Touch the Soil News #270
When we hear the term “collective” we often think of the old Soviet Union and its collective farms. However, here in the United States, the term has had a more positive re-birth. According to the Urban Agriculture Collective of Charlottesville, “collective” means working together to grow and share healthy food that helps cultivate healthy communities. The big difference is “collective” now means from the bottom up rather than autocratically from the top down.
Founded in 2012, the enterprise operates under the umbrella of a larger non-profit called Virginia Organizing. This past year, the “Collective” produced over 17,000 lbs. of fresh vegetable and fruits. Everything was distributed free of charge at 24 weekly market days. On average, 55 people were served on each market day.
Market Day preparations (photo courtesy of the Urban Agriculture Collective of Charlottesville)
For every half-hour of work in a garden, a person gets a wooden “farm token.” The token can be redeemed for vegetables by the person who earned it, or put in a community jar for others to redeem on Market Day.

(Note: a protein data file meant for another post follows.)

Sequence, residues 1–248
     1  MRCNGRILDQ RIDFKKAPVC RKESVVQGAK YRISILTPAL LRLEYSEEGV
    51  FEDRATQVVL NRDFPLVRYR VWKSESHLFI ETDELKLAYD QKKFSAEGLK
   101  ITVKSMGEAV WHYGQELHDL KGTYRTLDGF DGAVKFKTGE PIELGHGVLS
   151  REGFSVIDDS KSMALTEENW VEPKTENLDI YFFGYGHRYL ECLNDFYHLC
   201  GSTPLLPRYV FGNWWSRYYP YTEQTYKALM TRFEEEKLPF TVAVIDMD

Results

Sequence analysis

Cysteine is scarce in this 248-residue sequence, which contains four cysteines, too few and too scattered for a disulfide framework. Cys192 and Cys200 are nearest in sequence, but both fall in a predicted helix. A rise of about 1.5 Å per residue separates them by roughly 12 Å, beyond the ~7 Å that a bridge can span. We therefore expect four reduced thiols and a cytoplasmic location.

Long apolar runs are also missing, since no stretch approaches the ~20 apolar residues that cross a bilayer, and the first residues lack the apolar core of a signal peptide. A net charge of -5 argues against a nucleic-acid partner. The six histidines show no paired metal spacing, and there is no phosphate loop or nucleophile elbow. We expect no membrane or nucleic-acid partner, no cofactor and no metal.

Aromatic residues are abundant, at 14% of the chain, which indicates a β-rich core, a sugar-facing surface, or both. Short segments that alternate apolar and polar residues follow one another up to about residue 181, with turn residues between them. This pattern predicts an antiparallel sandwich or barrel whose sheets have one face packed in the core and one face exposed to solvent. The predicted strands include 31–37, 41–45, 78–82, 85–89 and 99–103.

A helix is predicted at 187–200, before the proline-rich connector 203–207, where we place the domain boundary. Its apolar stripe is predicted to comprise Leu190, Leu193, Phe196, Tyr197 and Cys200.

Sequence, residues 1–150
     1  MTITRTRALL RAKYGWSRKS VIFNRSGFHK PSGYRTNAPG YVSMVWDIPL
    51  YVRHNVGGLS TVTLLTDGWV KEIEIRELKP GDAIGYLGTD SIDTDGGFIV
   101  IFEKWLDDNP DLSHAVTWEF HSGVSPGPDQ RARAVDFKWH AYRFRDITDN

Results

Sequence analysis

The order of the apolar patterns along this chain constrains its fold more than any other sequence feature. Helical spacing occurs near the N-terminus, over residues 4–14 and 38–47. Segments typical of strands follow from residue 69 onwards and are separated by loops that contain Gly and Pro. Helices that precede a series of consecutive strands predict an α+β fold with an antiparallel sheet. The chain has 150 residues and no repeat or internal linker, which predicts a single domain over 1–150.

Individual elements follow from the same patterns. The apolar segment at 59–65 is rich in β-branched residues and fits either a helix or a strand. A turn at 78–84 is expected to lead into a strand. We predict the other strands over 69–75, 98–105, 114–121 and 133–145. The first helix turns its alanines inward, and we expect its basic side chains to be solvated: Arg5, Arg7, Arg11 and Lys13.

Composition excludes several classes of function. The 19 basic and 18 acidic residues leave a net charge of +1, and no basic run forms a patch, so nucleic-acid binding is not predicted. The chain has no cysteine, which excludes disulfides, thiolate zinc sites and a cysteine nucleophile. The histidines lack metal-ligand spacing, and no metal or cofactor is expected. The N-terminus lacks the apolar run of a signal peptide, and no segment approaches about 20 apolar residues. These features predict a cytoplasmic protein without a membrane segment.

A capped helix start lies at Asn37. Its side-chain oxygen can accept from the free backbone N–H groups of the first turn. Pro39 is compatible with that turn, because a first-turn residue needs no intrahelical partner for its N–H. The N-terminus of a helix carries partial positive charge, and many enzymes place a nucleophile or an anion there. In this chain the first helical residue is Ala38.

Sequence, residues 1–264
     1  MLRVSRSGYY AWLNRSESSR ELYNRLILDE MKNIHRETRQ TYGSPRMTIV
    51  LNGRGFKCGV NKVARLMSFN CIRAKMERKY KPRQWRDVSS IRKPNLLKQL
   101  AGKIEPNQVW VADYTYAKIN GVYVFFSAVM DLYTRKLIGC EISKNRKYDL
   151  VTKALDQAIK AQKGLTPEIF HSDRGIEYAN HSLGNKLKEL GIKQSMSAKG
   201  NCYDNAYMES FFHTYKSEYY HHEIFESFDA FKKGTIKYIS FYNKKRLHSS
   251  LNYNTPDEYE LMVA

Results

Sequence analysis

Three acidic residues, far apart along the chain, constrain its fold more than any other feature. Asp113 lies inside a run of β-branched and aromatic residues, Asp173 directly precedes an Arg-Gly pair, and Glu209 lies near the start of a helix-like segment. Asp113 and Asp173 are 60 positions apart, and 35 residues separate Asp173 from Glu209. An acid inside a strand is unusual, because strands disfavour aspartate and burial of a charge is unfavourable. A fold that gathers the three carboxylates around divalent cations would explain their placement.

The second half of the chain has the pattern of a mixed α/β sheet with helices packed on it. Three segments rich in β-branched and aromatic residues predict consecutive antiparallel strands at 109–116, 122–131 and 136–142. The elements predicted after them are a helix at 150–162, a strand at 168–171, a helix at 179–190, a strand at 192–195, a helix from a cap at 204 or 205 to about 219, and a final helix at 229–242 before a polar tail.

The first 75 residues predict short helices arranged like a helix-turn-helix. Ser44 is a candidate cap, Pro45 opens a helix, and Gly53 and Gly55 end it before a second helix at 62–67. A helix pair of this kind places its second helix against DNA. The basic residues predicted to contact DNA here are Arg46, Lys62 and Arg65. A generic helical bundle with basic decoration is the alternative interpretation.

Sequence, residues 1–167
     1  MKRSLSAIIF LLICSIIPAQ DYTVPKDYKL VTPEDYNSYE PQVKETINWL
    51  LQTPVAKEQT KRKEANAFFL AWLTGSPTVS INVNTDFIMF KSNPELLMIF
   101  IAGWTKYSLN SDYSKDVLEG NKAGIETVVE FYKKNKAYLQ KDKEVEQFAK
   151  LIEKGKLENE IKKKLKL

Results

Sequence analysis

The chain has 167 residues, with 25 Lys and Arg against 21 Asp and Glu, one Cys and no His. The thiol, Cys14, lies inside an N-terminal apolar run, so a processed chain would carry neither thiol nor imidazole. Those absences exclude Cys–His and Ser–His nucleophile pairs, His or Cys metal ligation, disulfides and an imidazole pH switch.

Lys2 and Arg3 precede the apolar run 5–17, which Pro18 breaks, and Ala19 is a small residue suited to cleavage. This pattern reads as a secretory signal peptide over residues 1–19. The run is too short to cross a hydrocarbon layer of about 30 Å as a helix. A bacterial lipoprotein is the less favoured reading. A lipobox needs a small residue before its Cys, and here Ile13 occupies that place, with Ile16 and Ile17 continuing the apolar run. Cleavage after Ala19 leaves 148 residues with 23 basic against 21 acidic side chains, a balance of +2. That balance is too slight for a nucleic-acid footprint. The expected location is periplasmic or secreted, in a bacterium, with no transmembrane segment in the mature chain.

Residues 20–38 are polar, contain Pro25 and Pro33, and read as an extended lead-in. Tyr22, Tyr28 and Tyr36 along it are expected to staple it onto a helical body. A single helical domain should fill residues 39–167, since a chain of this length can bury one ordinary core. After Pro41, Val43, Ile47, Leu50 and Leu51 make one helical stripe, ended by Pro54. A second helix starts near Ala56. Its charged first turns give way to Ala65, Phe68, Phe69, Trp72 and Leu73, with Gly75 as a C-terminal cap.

The Urban Agriculture Collective of Charlottesville is managed by Todd Niemeier, who reports to a board of directors. The board is further supported by a broad advisory council. The vision of the “Collective” is broad and includes social development of the community. The idea is that a community that works together growing, consuming and donating food becomes a healthier place to live.
Onion harvest is a popular time (photo courtesy of the Urban Agriculture Collective of Charlottesville)
The Urban Agriculture Collective of Charlottesville reveals how food and urban farming have entered the realm of public co-operation. Career market gardeners might not overlook support from non-profit dollars.